THROUGH YONSEI EYES: DEAR ASIAN AMERICANS: An open letter and guide-in-progress on being a productive ally to African Americans by a devastated and outraged Asian American


Are you also devastated and outraged? You should be. That’s just the start. So, what’s next? How can the Asian American community mobilize to be productive and supportive to the Black community right now? I’m not claiming to be a perfect ally/activist, or that this is the definitive guide to being an ally in 2020, or that I speak on behalf of the entire Asian American community. I just want to lay out some next steps that we as a community can take to support our Black friends and neighbors who are fighting for their lives right now.

I’m currently living abroad in Japan teaching English. I’m pissed and I’m frustrated that I’m unable to attend protests or physically demonstrate. For a while I didn’t know how or where to direct these feelings, and was at a loss as to how I could actively support the Black Lives Matter movement from so far away. I’ve heard similar sentiments of uncertainty and frustration echoed by a number of my Asian American peers.

A lot of people I’ve spoken to want to help, but don’t know how to do so. We’ve been conditioned to remain silent in times of adversity in order to survive and maintain the backwards and harmful “model minority” myth; so many Asians feel uncomfortable about being outspoken or public about solidarity with other marginalized groups. However, the discomfort you feel about putting your beliefs out there right now is frankly irrelevant in the face of the violent and institutionalized oppression of Black people. I’m calling you out — if there was EVER a time to break your silence and take on an active role in the movement, it’s now.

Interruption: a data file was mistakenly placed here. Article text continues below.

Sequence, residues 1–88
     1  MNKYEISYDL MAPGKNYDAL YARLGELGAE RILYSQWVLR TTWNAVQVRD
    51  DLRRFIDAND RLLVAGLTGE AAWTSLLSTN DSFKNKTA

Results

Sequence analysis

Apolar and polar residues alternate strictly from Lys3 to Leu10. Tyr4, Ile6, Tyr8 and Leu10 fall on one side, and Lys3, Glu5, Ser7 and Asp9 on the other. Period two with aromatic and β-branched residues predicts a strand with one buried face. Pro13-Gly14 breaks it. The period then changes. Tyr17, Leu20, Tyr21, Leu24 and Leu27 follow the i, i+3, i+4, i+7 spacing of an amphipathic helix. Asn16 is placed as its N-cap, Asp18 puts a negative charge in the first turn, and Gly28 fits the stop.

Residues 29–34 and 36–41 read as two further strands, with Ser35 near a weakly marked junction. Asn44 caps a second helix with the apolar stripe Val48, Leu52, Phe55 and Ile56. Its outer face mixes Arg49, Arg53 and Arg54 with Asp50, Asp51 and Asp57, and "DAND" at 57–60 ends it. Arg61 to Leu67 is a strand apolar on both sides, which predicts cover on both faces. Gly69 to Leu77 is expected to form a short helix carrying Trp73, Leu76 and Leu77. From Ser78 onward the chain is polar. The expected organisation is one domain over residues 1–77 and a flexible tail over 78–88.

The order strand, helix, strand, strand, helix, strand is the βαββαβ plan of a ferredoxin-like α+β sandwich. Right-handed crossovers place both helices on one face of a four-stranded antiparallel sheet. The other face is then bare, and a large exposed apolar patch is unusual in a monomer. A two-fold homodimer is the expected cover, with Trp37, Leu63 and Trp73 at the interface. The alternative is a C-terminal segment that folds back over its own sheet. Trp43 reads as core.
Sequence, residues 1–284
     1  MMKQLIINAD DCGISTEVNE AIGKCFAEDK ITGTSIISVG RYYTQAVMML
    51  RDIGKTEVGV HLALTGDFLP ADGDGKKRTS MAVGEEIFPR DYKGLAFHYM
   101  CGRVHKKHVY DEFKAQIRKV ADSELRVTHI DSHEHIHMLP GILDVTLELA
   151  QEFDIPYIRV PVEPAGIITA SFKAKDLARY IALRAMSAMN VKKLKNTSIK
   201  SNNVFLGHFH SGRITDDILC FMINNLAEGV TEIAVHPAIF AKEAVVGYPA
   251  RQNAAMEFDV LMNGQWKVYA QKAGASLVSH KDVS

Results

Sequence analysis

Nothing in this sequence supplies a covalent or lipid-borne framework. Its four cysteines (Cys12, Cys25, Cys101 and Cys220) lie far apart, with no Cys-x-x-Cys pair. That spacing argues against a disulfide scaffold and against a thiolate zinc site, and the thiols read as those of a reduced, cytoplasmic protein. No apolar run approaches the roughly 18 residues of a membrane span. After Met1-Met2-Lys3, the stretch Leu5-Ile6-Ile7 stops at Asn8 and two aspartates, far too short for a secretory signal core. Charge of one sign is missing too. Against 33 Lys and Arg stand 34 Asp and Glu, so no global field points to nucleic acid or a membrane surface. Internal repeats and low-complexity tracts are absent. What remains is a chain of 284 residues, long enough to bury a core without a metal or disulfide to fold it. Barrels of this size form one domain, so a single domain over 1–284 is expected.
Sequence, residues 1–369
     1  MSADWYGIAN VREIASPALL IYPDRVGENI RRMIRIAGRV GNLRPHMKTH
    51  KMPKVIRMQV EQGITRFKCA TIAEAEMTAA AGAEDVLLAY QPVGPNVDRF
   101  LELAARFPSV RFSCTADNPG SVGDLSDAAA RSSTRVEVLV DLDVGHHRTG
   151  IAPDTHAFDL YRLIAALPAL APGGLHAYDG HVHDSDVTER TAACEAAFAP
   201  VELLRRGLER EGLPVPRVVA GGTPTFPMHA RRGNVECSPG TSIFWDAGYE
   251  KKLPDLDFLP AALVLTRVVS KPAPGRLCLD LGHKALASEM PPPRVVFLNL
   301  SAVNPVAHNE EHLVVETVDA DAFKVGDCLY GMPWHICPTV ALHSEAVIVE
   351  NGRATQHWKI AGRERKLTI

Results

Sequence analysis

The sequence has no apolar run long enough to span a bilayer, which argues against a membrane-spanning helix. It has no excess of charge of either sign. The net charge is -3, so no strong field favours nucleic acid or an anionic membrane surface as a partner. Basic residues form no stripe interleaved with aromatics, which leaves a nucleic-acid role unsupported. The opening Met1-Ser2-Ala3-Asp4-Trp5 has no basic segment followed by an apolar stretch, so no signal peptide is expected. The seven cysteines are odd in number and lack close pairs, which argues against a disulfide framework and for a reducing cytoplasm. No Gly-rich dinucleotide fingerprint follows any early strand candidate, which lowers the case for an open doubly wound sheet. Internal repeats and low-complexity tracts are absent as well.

I’ve been writing a column for the Nichi Bei Weekly for the past two years. My columns so far have been about my experiences as a Japanese American woman living in Japan. After ruminating on my frustration and trying to figure out how to be useful, I realized that I have a platform within the Asian American community through my writing (thanks mom for reminding me). I can use my voice to engage with my own community and join the conversation about Asian American allyship and solidarity with the Black Lives Matter movement.

If you consider yourself to be an ally, or are looking for ways to become one, I urge you to consider the following points.

This Is Not About You

Right now, the sole priority of the human rights movement happening in the states is ending the police brutality and institutionalized racism that have oppressed African Americans for hundreds of years. We need to be uplifting the Black community and listening to their stories, perspectives and grief.

This is not the time to push narratives about the historical or contemporary racism against Asians that exists in America. These experiences are real and painful and valid, but they are not the point right now. There will be another time and place for those discussions. In this moment, we all need to channel our voices and our activism towards a single cause — and that is Black Lives Matter.

The rights of every marginalized group in America, including the rights of Asian Americans, are directly tied to Black liberation. None of us will ever be truly free as long as the Black community continues to be oppressed. Use the lessons you learned from the racism you and your community have faced to be more empathetic, more compassionate, and more motivated to actively support the Black Lives Matter movement.